The Food and Drug Administration (FDA) says physicians should stop prescribing combination drugs with more than 325 milligrams (mg) of acetaminophen. Combining pain killers and other drugs can be very dangerous.
Acetaminophen is available in prescription pain-relieving medications like Percocet and Vicodin in which it is combined with opioids, as well as over the counter (OTC) drugs like Tylenol. The FDA says there is no evidence that taking more than 325 mg in a combination pill provides any additional benefit, and too much acetaminophen puts people at risk of severe liver injury. “Many consumers are often unaware that many products (both prescription and OTC) contain acetaminophen, making it easy to accidentally take too much,” the agency said.
The FDA is now asking doctors not to prescribe pain relievers that contain more than 325 mg of acetaminophen, since people may take these drugs along with OTC medications and expose themselves to potentially harmful levels of the medication. In 2011 the agency asked manufacturers of acetaminophen-combined prescription drugs to limit the amount of acetaminophen to no more than 325 mg by 2014. More than half have agreed, but medications with higher amounts are still on the market. The FDA says it plans to start withdrawing approval of combination drugs requiring prescriptions that exceed this limit.
For now, the new recommendation to physicians only applies to prescription drugs with acetaminophen, and not to over-the-counter drugs like Tylenol, but the FDA says it will address those in a separate regulatory action. The agency is also recommending that pharmacists who receive prescriptions for drugs with more than 325 mg per dose call the prescribing physician and inform him of the FDA’s new warning.
According to the agency, unintended overdoses with prescription combination drugs involving acetaminophen are responsible for half of the acetaminophen-related liver failure in the U.S.
Liver failure occurs when large parts of the liver become damaged beyond repair and the liver is no longer able to function. There are two general types of liver failure:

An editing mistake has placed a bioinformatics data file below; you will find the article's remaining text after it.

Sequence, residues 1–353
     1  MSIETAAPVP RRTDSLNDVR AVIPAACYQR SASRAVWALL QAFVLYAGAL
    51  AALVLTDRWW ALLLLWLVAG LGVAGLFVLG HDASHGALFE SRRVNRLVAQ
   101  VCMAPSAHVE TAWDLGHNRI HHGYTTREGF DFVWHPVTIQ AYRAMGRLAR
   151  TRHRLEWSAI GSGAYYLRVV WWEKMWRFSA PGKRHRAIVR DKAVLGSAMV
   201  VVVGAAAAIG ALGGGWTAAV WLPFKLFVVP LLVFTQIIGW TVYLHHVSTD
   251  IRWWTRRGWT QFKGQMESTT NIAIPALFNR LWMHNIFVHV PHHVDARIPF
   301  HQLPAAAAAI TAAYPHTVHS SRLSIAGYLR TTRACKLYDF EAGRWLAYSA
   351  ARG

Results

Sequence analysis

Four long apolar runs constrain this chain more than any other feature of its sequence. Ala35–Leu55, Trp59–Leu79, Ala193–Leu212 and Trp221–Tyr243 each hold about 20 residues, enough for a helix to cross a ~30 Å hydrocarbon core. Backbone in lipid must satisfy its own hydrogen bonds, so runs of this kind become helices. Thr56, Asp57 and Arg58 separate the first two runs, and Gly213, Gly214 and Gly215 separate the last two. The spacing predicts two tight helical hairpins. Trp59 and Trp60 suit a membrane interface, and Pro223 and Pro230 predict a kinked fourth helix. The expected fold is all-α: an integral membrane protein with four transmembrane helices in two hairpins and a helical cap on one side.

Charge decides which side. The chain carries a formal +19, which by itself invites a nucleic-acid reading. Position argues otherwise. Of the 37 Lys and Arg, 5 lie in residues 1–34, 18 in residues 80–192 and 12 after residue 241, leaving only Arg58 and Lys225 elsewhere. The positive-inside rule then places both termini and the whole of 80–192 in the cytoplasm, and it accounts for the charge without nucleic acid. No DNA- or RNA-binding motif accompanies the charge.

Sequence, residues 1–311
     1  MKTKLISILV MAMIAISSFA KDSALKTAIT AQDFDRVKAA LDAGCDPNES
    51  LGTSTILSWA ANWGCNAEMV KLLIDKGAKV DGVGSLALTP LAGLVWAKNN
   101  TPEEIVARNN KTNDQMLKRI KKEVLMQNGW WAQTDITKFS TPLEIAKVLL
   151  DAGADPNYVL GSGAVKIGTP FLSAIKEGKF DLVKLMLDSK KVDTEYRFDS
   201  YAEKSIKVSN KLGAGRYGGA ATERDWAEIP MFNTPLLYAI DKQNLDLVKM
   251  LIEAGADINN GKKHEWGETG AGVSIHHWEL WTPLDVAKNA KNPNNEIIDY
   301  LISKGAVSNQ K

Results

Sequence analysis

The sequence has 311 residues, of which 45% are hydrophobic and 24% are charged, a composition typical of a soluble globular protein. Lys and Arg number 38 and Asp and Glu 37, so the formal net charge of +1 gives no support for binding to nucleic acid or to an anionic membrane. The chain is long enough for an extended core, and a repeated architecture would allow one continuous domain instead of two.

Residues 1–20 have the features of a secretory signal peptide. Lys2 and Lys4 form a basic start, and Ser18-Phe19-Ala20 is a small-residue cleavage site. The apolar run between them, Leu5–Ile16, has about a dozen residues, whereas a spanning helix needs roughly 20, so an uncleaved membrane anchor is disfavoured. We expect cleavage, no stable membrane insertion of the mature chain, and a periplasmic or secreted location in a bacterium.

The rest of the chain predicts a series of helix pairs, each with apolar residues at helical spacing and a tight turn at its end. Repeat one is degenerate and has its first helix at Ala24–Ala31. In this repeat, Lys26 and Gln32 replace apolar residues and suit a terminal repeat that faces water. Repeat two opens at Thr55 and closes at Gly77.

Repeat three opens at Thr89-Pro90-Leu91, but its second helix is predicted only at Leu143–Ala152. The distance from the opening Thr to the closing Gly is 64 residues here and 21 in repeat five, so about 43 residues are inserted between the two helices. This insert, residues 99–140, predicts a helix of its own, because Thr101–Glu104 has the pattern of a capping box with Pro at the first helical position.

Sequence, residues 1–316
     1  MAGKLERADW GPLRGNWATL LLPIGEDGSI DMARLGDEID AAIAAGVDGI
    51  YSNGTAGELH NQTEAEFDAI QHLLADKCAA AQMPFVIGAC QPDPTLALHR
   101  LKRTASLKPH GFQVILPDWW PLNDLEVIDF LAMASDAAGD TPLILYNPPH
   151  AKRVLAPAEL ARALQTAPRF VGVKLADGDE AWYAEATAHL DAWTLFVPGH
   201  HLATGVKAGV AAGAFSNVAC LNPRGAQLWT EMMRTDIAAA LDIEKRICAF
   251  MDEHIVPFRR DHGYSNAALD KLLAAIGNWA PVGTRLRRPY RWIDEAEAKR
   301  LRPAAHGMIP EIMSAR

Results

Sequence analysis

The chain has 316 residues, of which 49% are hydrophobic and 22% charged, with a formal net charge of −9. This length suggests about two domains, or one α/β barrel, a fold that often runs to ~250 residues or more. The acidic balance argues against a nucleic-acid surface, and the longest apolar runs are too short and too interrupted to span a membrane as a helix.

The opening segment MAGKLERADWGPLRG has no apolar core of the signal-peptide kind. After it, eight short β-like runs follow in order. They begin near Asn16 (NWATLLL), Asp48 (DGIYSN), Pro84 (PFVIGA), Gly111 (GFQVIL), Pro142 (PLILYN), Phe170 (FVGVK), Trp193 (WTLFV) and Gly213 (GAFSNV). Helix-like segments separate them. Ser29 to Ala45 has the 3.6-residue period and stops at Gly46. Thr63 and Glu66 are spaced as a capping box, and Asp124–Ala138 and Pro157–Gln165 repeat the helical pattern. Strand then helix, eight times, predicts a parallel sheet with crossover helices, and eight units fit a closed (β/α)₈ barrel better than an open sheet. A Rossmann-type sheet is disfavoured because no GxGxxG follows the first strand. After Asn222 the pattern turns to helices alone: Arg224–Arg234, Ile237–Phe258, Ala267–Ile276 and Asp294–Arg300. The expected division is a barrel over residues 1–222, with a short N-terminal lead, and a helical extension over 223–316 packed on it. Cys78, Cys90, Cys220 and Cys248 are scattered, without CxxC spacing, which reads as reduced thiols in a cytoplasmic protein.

– Acute liver failure is a failure of liver function that occurs suddenly due to such conditions as an overdose of acetaminophen (ie. Tylenol) or ingesting toxic substances.
– Chronic liver failure is a deterioration of liver function that occurs over a long period of time, generally months to years. Chronic liver failure is the most common form of liver failure and is generally due to long-term liver diseases, such as cirrhosis of the liver, hepatitis, and hemochromatosis.
Liver failure is caused by liver damage, which makes it difficult or impossible for the liver to function normally in processes that are critical to life and your overall health including:
- Blood clotting
- Clearing the blood of toxins
- Fighting infection
- Making bile that assists with digestion
- Metabolizing medications and other substances
- Producing proteins, enzymes, and healthy blood
- Removing waste
- Storing vitamins, minerals, and energy
Liver failure is a life-threatening condition that demands urgent medical care. Most often, liver failure occurs gradually and over many years. However, a more rare condition known as acute liver failure occurs rapidly (in as little as 48 hours) and can be difficult to detect initially.
The initial symptoms of liver failure are often ones that can be due to any number of conditions. Because of this, liver failure may be initially difficult to diagnose. Early symptoms include:
- Loss of appetite
However, as liver failure progresses, the symptoms become more serious, requiring urgent care. These symptoms include:
- Bleeding easily
- Swollen abdomen
- Mental disorientation or confusion (known as hepatic encephalopathy)
Common Over-the-Counter medications containing Acetaminophen (Paracetamol/APAP):
Alka-Seltzer Plus Liquid Gels®
Saint Joseph® Aspirin-Free
TYLENOL® Brand Products
*And store brands
Common Prescription Medications containing Acetaminophen:
Tylenol® with Codeine
*And generic drugs